Textbook Pre-Reading Organizer:

Appendix 7.2. Textbook Prereading Organizer
1. Chapter/section title: ___________________________________________________________
2. Picture walk: What predictions can you make about the contents of this chapter based on the illustrations?
3. Caption summary:
Caption summary:
4. Chapter Headings
Caption summary:
Caption summary:
5. Objectives I should meet or big questions that I should be able to answer when I complete this chapter:
6. Summary of 1st paragraph
7. Identify key terms
Term and Page
8. Interpretation of Any Graphs, Charts, Etc.
9. Summary of Last Paragraph
Synonym or Definition
How to Use the Prereading Organizer
If the textbook chapters are small, you can print the organizer sheet and write directly on it. You may also
provide it online for students to fill in on their computer. You may want to do this as a whole-class activity
the first time students are exposed to this process.
As your students become more proficient at prereading before actual study, you will find that writing down
the information will be no longer necessary. The eventual goal is for your students to complete this activity
mentally in just a few minutes each time they sit down to study.
Parts 1 and 2: Make note of the chapter title and on what pages the chapter begins and ends. This will give
your students an idea of the task before them.
Part 3: Make a quick scan of the entire chapter, writing down all of the subtitles and headings in order. Now
students will have a general idea of an outline of the chapter. This also alerts them to the important ideas and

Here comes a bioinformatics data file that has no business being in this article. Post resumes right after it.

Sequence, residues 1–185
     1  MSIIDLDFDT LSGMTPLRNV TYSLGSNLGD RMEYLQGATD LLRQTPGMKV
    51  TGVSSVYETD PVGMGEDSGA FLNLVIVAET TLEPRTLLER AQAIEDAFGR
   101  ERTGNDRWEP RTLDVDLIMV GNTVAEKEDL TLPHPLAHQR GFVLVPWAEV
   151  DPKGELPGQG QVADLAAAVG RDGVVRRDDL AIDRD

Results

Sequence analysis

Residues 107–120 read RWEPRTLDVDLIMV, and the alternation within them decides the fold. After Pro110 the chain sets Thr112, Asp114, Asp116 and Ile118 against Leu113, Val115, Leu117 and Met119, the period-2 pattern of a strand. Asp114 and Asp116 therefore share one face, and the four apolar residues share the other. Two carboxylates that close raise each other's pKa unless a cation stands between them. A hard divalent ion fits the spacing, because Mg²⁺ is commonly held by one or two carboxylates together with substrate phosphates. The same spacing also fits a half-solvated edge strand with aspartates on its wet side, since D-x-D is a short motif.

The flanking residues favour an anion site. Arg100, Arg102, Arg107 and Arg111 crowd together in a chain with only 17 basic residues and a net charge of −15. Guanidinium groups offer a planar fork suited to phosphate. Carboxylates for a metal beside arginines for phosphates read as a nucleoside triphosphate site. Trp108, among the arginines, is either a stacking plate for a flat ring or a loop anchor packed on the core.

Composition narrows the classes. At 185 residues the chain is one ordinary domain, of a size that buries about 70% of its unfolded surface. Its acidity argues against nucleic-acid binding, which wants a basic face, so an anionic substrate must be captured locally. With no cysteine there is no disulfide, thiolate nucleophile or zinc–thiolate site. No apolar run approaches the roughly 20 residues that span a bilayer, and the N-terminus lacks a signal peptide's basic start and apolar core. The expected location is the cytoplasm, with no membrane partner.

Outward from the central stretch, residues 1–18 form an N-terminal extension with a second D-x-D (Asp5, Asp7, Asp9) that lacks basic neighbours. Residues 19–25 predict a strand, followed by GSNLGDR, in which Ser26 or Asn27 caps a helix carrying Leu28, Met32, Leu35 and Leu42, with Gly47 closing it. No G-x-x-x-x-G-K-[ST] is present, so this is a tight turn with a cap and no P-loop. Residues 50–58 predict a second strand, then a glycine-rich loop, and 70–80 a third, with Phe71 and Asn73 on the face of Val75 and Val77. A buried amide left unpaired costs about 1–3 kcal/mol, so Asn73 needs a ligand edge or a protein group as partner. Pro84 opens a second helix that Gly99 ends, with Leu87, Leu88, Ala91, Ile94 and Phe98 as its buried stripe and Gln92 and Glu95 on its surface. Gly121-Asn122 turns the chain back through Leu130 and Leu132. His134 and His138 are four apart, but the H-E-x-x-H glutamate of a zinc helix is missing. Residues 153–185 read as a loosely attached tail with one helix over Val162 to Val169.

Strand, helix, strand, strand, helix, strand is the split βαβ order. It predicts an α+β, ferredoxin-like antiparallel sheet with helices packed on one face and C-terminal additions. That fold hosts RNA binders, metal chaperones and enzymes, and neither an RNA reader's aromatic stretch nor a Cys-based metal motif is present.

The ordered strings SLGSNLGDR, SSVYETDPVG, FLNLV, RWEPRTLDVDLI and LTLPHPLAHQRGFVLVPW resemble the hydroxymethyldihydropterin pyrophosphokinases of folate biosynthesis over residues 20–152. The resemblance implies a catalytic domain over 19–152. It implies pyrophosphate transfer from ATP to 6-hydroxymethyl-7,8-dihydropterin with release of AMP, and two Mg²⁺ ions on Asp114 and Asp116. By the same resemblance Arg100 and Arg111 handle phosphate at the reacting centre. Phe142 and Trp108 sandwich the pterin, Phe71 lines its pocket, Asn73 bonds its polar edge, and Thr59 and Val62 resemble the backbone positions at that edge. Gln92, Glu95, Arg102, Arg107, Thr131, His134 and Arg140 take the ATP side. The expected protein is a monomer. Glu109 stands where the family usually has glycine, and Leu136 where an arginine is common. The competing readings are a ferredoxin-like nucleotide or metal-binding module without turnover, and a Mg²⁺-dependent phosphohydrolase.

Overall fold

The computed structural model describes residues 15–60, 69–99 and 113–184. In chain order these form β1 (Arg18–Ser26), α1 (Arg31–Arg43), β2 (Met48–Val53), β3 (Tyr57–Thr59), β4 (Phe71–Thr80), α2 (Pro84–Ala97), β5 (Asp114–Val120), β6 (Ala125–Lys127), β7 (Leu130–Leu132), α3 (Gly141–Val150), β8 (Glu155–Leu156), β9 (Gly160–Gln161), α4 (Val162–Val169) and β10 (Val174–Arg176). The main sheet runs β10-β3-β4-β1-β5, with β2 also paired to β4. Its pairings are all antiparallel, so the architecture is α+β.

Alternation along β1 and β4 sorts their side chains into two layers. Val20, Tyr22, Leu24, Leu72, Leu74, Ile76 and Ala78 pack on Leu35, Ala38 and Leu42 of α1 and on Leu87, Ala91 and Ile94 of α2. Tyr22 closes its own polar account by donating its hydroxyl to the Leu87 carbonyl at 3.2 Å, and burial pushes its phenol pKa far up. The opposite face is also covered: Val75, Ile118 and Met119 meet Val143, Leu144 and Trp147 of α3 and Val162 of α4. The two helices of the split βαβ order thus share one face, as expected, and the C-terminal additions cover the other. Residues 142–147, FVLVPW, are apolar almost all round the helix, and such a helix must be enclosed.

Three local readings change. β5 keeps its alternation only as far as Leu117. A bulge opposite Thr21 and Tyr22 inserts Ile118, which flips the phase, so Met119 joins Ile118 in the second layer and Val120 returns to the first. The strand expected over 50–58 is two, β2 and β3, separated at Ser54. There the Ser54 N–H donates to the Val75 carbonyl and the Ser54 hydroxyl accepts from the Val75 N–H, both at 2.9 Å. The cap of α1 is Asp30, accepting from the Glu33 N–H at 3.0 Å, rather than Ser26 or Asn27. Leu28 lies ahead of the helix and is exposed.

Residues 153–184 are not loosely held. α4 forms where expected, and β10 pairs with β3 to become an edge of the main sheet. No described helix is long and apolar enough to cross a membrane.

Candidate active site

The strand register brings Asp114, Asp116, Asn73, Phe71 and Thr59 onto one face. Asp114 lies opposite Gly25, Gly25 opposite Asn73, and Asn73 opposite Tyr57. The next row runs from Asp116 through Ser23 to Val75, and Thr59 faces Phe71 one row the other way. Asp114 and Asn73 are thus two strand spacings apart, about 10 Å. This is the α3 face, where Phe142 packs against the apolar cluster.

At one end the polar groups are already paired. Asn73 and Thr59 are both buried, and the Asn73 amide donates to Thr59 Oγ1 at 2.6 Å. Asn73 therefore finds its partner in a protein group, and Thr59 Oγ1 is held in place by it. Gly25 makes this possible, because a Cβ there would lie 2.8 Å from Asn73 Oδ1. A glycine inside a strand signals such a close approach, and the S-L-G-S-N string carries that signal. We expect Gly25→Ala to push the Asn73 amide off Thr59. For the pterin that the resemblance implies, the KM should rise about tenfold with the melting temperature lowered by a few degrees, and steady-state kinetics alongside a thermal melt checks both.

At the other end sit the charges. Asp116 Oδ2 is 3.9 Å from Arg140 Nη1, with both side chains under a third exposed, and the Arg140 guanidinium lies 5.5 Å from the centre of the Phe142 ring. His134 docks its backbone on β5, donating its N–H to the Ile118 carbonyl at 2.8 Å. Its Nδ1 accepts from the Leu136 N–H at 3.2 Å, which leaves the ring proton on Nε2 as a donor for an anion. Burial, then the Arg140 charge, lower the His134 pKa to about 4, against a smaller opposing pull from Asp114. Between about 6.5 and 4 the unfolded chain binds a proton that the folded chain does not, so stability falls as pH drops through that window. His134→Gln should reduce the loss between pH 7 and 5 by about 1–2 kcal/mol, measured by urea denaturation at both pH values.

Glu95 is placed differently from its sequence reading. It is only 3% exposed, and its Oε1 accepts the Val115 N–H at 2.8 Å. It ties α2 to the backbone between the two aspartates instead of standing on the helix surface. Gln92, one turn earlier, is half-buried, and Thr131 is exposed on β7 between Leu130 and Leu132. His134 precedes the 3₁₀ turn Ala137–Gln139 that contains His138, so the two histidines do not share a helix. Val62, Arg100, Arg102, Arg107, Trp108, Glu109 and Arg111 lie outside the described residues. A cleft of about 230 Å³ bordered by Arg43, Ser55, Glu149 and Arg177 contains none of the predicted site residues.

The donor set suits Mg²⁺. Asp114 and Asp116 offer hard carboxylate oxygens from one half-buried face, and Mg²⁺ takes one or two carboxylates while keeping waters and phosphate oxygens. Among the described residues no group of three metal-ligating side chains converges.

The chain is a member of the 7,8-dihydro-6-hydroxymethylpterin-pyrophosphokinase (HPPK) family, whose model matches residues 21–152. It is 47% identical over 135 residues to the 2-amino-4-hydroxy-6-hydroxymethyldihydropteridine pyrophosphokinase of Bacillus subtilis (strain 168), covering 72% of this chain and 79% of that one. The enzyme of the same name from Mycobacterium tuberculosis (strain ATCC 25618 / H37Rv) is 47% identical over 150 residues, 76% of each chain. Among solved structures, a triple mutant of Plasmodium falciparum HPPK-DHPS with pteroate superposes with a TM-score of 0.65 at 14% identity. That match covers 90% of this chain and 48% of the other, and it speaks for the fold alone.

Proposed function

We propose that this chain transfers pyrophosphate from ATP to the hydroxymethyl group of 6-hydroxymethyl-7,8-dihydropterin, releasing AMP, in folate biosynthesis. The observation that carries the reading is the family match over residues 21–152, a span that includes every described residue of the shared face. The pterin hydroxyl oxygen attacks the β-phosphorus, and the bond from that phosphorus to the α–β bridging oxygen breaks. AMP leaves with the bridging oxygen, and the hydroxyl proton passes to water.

sections of the chapter.
Part 4: Describe all pictures, charts, maps, and graphs in their own words. Many students fail to take
advantage of the information that these images give. Taking time to note these important details is of great
benefit to visual learners. As they take note of the images, it is not necessary to describe them in great detail.
Just a few words that will help the image stick in the memory are enough.
Part 5: Use the textbook’s glossary to define all of the vocabulary words found in bold print. This allows
students to read the text with greater comprehension later without having to stop and look up the new words.
Also encourage them to include terms that may not be in bold print—those words they are not familiar with
or have difficulty remembering.
Part 6: Take the time to look for all study questions within the chapter and at the end. Count the number of
questions and then read each question. Now your students know what information they will be expected to
know at the end of each section and the chapter as a whole.
Part 7: Ask your students to make an educated guess concerning what they will learn from studying the
chapter. If your students cannot do so, they should take the time to preread the chapter again, more slowly
and carefully.
Source: http://sdahe.files.wordpress.com/2011/07/pre-reading-organizer-instructions.pdf